Many people say that their business, or their property, is their pension. Here is some information comparing these approaches and some comments on the pros and cons of these approaches.
Business owners may see investing in their business as a very attractive option towards planning for their retirement. A point to note is that business finance may not be easily achieved and self investment may be the only viable approach.
The owners of a business usually have more confidence in their business than investors due to the certainty of knowing what is going on in their business. Investors may not have this information and may be sceptical about buying the business from the owners.
- Corporation tax rates apply to profits of companies which are lower than the higher rate of income tax.
- Personal businesses usually attract IHT relief at a rate of 100%.
- Business-related capital gains may attract Entrepreneurs’ Relief at an effective rate of 10%, providing the lifetime limit of £10,000,000 (2019-20) is not exceeded.
Even with these tax benefits, funding retirement through the sale of a business is not as tax-efficient as a retirement plan. Where contributions are grossed up during the saving period and benefits are paid with a tax-free lump sum in the drawdown stage.
- Lack of diversification
- Current earnings and future retirement income depend on the success of the business
- Retirement date may not be an ideal time to sell the business
- May not be able to sell and the individual may have to carry on working into later life
- Business may provide lower returns than could have been obtained from investing elsewhere
Using a property portfolio as a pension replacement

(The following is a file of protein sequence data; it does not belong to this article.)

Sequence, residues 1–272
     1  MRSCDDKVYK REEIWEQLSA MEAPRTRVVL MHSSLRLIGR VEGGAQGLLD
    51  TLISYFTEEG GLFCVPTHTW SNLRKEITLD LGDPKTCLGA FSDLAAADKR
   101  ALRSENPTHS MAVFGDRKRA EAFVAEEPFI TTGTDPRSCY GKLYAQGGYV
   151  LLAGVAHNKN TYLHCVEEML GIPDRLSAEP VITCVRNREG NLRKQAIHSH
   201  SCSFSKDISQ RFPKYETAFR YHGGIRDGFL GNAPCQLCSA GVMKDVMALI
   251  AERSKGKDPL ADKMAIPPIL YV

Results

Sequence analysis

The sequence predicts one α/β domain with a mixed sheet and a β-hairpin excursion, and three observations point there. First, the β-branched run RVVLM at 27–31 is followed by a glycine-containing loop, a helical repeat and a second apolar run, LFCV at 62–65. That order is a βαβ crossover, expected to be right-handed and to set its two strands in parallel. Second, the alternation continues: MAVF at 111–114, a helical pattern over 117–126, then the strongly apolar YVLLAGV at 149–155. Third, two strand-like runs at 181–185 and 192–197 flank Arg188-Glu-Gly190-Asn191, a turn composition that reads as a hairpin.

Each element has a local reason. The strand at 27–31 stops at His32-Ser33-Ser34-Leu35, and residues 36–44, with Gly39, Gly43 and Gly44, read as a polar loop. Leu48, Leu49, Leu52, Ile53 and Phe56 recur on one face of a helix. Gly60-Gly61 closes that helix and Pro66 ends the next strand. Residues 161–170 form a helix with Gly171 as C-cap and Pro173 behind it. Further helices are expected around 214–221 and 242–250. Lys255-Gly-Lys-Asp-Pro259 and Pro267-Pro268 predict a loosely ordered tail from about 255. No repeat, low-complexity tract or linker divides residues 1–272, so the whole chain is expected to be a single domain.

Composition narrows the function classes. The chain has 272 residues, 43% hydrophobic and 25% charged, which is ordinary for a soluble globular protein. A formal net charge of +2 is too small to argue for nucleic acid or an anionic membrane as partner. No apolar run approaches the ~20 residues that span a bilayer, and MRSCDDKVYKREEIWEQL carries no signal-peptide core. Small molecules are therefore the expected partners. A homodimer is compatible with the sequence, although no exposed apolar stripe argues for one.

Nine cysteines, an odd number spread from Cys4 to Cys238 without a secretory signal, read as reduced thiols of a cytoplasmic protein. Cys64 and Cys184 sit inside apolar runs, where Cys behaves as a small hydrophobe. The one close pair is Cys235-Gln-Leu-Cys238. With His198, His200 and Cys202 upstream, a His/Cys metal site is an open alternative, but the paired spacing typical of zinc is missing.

As well as building property portfolios to support retirement, 50% of people expect that they will be able to downsize at retirement to supplement their retirement income.
The main risks with this approach are:
- People tend to overvalue their own homes and it may not sell for as much as expected
- SDLT for the new home purchase will eat into any equity released
- Houses may prove difficult to sell
- Lack of investment diversification
- People may not want to sell when the time comes, or have no desire to move to another area
Management of a property portfolio can also be time consuming. Once in retirement, the retiree may feel differently about dealing with tenants that don’t pay, maintenance issues and void periods. Of course, a letting agent can be appointed but this significantly eats into the rental income stream. If the property portfolio is mortgaged, this can, not only stop the income stream but create a liability if the property is not let for any period of time.
Here is a table comparing the approaches and some key elements that should be considered.
|Risk||Flexible Income Options||Diversification Options|
|Pension||Can match investors appetite||Yes||Yes|
|Property||Medium -High Risk||No||No|
If you are currently dependent on either your property or a business for your retirement plans, speak to an adviser today to make sure you are suitably diversified and protected against the risks of this strategy.